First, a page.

Pinoy pro bodybuilder Joven Sagabian makes history in the sport
Photos courtesy of Joven Sagabain
In the world of professional bodybuilding, Mr. Olympia is the highest echelon of competition. It consists of winners from various qualifier events, so you know it’s the best of the best posing for recognition. To date, no bodybuilder from the Philippines has ever managed to qualify for the prestigious event—until now.
Enter Joven Sagabain, a pro bodybuilder from Cavite officially registered with the International Federation of Bodybuilding and Fitness (IFBB). Sagabain holds the legendary distinction of being the first Filipino born and raised in the Philippines to make it to the ranks of athletes competing at this year’s Mr. Olympia happening in December.
Here, we spoke to Sagabain about his mindset on Mr. Olympia and making history, how he’s preparing for the competition, and why it took this long for a homegrown Filipino bodybuilder to make it.
Why did you go into bodybuilding?
Joven Sagabain (JS): I started when I was in high school because of my brother who was already in the local bodybuilding community at that time. When I saw him transforming his physique, that’s when I started dreaming to become a bodybuilder too. I idolize him so much.
What does it mean to be the first “homegrown” Filipino to compete in Mr. Olympia?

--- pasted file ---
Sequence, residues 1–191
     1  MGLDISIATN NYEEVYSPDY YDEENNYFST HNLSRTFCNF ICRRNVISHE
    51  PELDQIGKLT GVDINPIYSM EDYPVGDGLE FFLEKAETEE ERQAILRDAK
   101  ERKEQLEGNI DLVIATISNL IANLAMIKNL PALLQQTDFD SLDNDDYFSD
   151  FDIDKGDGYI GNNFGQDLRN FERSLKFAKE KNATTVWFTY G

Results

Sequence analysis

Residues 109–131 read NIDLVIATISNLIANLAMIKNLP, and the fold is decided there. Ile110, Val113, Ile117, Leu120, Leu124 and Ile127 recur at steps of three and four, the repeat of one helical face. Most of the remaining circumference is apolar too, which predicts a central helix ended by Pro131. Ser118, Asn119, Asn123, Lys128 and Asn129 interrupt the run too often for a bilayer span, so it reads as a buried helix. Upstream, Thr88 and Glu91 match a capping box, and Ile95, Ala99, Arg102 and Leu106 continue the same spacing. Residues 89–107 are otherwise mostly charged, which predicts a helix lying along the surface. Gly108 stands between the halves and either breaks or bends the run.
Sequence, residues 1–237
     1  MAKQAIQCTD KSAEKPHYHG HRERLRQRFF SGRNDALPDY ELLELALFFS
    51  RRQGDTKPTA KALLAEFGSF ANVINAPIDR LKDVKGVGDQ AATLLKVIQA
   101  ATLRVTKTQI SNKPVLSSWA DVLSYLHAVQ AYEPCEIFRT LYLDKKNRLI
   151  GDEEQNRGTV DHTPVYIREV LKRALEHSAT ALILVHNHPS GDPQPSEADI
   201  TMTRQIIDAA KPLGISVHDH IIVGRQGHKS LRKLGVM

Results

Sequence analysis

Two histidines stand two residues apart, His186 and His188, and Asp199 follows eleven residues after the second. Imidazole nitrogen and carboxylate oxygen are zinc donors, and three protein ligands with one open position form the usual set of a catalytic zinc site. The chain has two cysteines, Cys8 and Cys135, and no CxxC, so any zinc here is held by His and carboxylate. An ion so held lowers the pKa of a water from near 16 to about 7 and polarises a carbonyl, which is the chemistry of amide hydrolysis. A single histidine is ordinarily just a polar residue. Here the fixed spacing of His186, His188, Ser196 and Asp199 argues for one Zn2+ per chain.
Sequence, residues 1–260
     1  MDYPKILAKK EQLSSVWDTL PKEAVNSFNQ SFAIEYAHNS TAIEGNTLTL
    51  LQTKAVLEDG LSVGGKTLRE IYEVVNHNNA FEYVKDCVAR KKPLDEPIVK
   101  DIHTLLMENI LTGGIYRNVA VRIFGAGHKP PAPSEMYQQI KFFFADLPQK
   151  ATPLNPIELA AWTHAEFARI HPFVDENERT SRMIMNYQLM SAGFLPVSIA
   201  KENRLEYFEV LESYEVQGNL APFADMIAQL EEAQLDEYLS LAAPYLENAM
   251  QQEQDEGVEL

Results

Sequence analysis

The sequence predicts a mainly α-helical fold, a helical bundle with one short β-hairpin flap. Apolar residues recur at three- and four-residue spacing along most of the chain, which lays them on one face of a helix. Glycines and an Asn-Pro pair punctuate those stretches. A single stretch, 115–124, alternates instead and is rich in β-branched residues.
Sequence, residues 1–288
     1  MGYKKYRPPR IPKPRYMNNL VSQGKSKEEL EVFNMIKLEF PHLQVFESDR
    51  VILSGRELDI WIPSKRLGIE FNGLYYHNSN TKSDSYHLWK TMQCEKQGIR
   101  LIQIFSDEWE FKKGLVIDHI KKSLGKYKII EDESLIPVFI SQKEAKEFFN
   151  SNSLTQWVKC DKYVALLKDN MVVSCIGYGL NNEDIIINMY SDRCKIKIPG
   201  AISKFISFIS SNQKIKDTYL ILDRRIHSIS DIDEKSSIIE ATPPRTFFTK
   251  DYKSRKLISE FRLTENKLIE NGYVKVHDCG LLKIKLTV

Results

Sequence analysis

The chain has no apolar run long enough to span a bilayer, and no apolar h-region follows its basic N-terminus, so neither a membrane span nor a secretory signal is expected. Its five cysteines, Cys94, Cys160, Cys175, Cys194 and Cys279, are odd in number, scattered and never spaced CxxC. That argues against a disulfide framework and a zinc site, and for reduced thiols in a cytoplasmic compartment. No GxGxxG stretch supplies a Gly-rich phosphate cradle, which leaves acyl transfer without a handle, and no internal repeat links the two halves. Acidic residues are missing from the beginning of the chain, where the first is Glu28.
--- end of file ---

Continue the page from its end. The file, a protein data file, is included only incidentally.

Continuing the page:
JS: It’s like a dream come true. I’ve been dreaming ever since about fulfilling the hope of every Filipino bodybuilder of competing on the Olympia stage.
How are you preparing for it? Are you doing anything differently for the event?
JS: Actually it really depends on my coach, but the usual is the same sources of food every day, training one body part a day, and cardiovascular training seven times a week. I’m going all out every day, never skipping what needs to be done.
What about mental preparations?
JS: I try to surround myself with people who have the same goal as me. I try to stay away from social media weeks leading to a competition. This way, I can focus. This year, I also took online certification courses to keep myself busy during the downtime.
Did the pandemic set you back at all?
JS: No, I never stopped my training because I still have a place to train. I trained while waiting for the schedule of competitions to resume.
What are your weaknesses?
JS: My main weakness is when I’m forcing my back pose to balance; it ends up getting more crooked.
Why do you think it’s taken so long for homegrown Filipino bodybuilders to qualify for Mr. Olympia? Are we lacking any support?
JS: The number one issue is the budget of athletes. This career really needs funding to sustain your needs like nutrition, supplements, gym memberships, etc. We also have very limited competition opportunities that can qualify us for Mr. Olympia.
What’s the most important lesson you’ve learned from bodybuilding so far?
JS: Stay disciplined and be patient with progress.
What are your biggest goals in bodybuilding?
JS: Other than to become Mr. Olympia, I also want to inspire the younger generation and to keep bringing honor and pride to my country.